NORTH ANDOVER — Tim Towler admits, he wasn’t sure this day would come.
The Merrimack graduate student was getting ready for his senior season last spring when he felt something in his knee during a preseason scrimmage. It was best described as a “pop.” He knew something wasn’t right, but didn’t want to admit it.
“I remember coming off the field and thinking to myself that I would be OK, but in the back of my head, I knew it was bad,” he said.
It was bad. Towler had torn his ACL and he would miss his entire senior season. As a senior, it could have meant the end of his college lacrosse career.
(Ed. Note — This story will appear in Friday’s Eagle Tribune)
Merrimack had been on the verge of something great for Towler’s entire career. Last spring, the Warriors were coming off a Final Four berth and were so close, so many times, to winning an NE10 Championship or advancing to the NCAA Championship game. It hadn’t yet happened, and for Towler, his chance at reaching those goals with his teammates might have ended.
It was a tough pill to swallow.
But the injury wasn’t going to be the end of his story at Merrimack. Towler began the rehab process and was relentless in his recovery, according to Merrimack coach Mike Morgan. He didn’t quit, and decided to come back for a graduate season to finish some unfinished business with the rest of his teammates.
Last year, while Towler was sidelined, he watched as Le Moyne ended Merrimack’s season in the Final Four for a second-straight year. The Warriors walked off the field in Syracuse last spring determined that wasn’t going to happen again, and Towler wanted to be a part of it.
“There was never a question I’d come back,” he said. “Tom (McLaughlin) knew he was coming back. We thought we could make a real run at this. Playing with these guys is a blessing. For me to be a part of it is great. This is why we came back.”
Truth is, Towler has been a huge part of it. One year after a knee injury almost ended his career, he’s is a first-team All-American as a midfielder, he’s the NE10 Player of the Year, and most importantly, he could be a national champion when Merrimack plays in the title game against Limestone on Sunday afternoon (2 p.m.) at Gillette Stadium in Foxboro.
“He’s one of those guys who is the heart and soul of this team,” Morgan said. “He’s a tireless worker, and he knew that it would be a long road back. He wasn’t going to let that end his career.”
Towler set career highs in goals (38), assists (15) and points (53) this season. The Masco grad was All-State in 2012 and was also a Boston Globe All-Scholastic.
“I pushed my legs as hard as I could in the offseason,” Towler said. “I knew my body had healed well, so I just pushed it. My success is all on that. It’s all for these guys. I hated being injured. I hated being off the field. That pushed me more.”
He’s not the only Merrimack graduate student to return, either. Tom McLaughlin, a UMass transfer from Billerica, also chose to come back this season even though he could have graduated last spring. For both of them, the reasoning was simple.
“I wouldn’t have come back if I didn’t think we could win a national championship,” said McLaughlin, and that was back in April. “We want to do things this year that this program has never done before.”
Towler said the same, and now, here they are, 60 minutes from a national title.
To do it, they’ll need to knock off a Limestone team that has been to the championship in three straight seasons (winning two) and three of the last four. Earlier this season, the Warriors topped Limestone in a regular-season meeting in Maryland; that loss remains the Saints’ only defeat this season.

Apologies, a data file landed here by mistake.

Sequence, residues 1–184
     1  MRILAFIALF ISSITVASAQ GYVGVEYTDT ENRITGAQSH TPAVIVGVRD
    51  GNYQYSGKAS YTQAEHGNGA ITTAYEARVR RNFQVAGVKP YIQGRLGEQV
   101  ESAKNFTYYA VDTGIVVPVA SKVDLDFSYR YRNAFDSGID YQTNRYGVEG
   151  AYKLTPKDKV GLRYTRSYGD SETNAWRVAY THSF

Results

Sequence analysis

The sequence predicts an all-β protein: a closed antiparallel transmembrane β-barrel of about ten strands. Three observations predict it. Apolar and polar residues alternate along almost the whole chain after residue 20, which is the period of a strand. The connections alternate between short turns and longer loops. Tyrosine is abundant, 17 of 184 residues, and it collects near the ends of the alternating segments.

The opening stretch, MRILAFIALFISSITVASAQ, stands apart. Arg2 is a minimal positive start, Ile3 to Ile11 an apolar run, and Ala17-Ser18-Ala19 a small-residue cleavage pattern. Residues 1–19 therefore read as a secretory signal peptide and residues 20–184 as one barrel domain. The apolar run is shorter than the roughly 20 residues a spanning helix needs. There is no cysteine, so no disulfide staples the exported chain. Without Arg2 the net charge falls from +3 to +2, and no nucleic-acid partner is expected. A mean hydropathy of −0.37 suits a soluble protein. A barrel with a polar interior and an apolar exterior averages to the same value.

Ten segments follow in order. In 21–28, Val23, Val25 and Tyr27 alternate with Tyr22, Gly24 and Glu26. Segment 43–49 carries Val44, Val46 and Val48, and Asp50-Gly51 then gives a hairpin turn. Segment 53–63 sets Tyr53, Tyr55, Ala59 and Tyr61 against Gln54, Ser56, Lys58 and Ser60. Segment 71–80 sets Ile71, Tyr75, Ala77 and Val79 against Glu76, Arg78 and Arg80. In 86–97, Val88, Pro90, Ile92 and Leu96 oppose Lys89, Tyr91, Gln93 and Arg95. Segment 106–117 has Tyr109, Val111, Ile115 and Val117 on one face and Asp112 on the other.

Towler’s time away from the field helped him elevate his game and get ready for this season’s run. For the first time in a long time, he watched a lot of lacrosse instead of playing. He said he watched a lot of practices and a lot of film, and knew that his game would change once he returned. Those added elements have made him a more dangerous player, even if his foot speed isn’t where it was two years ago.
“He took time to develop other parts of his game,” Morgan said. “He’s seeing the game as a coach and I think he’s understanding it more. The other thing was, maybe with the injury he lost a quarter of a step, so he developed other areas. He protects the ball better, he’s a better stickhandler and he’s passing better. You can’t help but by happy for a kid who doesn’t know if he’ll have a shot anymore, tears his ACL, and here he is a year later and he’s an All-American, NE10 Player of the Year and has a shot at being a national champion. He represents what we are here.”
And Towler admits, his game is different now. Some would argue, with the results, it’s better.
“In years past I was more of an outside shooter, more an on the run shooter,” he said. “Now I think I’m more of a better off-ball cutter. Now I’m in the crease and not as much outside. I find ways, because I can’t really beat my defender, especially because I’m usually matched up with the other team’s best defender, so I find ways to cut off the ball and get off shots. That’s all from watching so much last year, and watching so much practice and working with these guys and the coaches. Everyone has helped me.”
Leaving Merrimack a national champion would make all the hours of rehab worth it. But Towler has been around the program for five years now. This title game isn’t just about him, and his return. He said this is for all the alumni, especially the ones who were so close the last few years.
“We want to do this for everyone,” he said. “This isn’t just about us, this is about all the guys who have come through here and I’ve been here for five years, so all the guys we played with. I’ve made a bond with all those guys. We have wanted a shot at this for a long time. I’ve gotten hundreds of texts.”
Now, the Warriors finally have their shot.